English - Free topic G: Mirror of Modernity: Sensation and Nineteenth-Century Fiction

Course content

The course examines nineteenth-century texts that deal with sensation and other controversial preoccupations of the day. Through novels and short stories, we explore cultural cravings that mainstream culture struggled to contain, such as the danger of enervating domesticity, the threat of the ‘foreign’, altered mental states, the liberating possibilities of technology, and the appetite for scandal that erode orthodox values. The course falls in two parts.

 

Part one focuses on the ‘sensation novel’, which refers to a hugely popular sub-genre of the nineteenth-century gothic novel, accused by its critics of leaving its readers in a state of both physical and emotional over-excitement. With plots full of controversial topics like bigamy, mistaken identities, madness, legal fraud, proactive female heroines, and effeminate men, the sensation novels of the 1860s challenged a range of conventional mid-Victorian values and became harbingers of new gender roles and legal reform within property and family law in the last half of the nineteenth century. This course focuses on four of these sensation novels as routes into a broader discussion of the 1860s as a watershed decade in which the railways, the periodical press, the lunatic reforms, and the women’s property acts all contributed to bringing England closer to modernity.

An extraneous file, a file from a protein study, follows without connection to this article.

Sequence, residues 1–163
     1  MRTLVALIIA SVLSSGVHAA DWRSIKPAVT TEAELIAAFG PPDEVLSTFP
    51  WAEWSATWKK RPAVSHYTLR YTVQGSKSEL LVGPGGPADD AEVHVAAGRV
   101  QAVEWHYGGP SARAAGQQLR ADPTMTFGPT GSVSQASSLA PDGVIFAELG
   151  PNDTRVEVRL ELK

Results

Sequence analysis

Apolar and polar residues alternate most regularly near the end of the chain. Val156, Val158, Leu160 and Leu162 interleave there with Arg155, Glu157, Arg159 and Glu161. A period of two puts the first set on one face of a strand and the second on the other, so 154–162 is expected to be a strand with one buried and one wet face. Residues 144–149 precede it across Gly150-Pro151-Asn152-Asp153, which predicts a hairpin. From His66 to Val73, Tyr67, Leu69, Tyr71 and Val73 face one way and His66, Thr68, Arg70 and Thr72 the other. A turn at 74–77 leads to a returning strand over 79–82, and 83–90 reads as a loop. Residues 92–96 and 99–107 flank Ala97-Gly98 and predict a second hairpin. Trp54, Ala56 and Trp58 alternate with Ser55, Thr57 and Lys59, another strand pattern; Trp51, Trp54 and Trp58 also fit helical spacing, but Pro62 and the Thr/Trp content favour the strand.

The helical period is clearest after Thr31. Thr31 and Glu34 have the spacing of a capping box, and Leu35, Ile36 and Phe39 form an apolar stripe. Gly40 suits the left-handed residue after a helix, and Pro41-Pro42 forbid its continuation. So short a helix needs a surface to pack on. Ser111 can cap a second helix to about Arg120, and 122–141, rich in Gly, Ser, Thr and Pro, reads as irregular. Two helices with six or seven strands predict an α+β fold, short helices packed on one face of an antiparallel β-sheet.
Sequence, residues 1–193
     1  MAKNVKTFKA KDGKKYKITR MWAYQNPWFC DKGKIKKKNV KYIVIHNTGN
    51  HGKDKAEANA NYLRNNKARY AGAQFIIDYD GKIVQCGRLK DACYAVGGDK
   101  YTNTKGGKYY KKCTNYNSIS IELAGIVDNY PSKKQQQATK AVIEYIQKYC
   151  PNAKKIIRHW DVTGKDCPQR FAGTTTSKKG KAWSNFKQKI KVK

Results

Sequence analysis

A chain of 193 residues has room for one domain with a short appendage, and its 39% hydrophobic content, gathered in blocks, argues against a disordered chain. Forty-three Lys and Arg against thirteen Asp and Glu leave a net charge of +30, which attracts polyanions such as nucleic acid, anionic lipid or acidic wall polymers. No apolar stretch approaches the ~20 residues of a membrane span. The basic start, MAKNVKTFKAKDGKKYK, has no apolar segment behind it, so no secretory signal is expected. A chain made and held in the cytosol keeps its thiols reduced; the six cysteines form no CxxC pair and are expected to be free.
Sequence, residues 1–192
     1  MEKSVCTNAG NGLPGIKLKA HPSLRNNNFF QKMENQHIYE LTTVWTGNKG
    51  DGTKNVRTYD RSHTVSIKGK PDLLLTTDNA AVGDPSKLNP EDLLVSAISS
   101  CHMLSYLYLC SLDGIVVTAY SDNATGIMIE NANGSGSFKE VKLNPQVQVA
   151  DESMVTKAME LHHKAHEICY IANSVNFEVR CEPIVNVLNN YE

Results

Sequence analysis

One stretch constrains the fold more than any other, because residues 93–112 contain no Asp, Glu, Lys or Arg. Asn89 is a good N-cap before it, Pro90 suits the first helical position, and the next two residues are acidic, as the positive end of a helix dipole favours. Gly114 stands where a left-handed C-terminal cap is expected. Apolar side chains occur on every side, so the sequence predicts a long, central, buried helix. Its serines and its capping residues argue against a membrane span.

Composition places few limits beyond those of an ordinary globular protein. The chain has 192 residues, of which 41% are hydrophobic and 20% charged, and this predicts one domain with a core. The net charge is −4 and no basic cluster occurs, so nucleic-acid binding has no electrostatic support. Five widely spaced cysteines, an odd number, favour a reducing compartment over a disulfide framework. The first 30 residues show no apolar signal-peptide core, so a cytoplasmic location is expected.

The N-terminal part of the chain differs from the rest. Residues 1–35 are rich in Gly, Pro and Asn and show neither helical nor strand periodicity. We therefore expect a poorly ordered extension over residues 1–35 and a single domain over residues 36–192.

Part two explores nineteenth-century fiction more broadly – while examining links to the sensation novel. The period saw rapid social change, and fiction writers took part in the shaping of debates on important issues of society, such as the status of women, morality, money, crime, murder, and punishment. We will read novels by Jane Austen, Charles Dickens, and H. G. Wells, which, in various ways, show how the progressive and triumphant nineteenth-century society was rife with destinies that were not so pretty. Alongside the great novels of the day, we will also look at the domestic uncanny in stories published in journals – essential for understanding reading and print culture at the time. We will look at the ‘penny dreadfuls’, which were cheap and sensational illustrated booklets produced for the popular market. Their tattered pages of blood-spattered plots, evil aristocrats, prostitution, and lady-murderers became the cause of much moral panic. This will lead us to consider the public concern about literature and its values, which in many ways correspond to discussions we are having today. 

Education

Engelsk

Seminars, group work, student presentations, writing exercises.

Jane Austen, Persuasion

Charles Dickens, Great Expectations

H. G. Wells, The Invisible Man

Ghost stories by Elizabeth Gaskell, Sheridan Le Fanu, and Rudyard Kipling

Wilkie Collins, The Woman in White

Wilkie Collins, No Name

Mary Elizabeth Braddon, Lady Audley’s Secret

Ellen Wood, East Lynne

This course only leads to exams Free Topic 4 with Written and Oral Proficiency in English.

Kurset kan også bruges Frit emne A (inkl. skriftlig sprogfærdighed) og Frit emne B (inkl. mundtlig sprogfærdighed) under Kandidatdelen af sidefaget i engelsk 2019, samt Frit emne (inkl. skriftlig og mundtlig sprogfærdighed) under Kandidatdelen af sidefaget i engelsk 2020.

Written
Oral
Individual
Collective
Continuous feedback during the course of the semester

Single subject courses (day)

  • Category
  • Hours
  • Class Instruction
  • 56
  • Preparation
  • 353,5
  • English
  • 409,5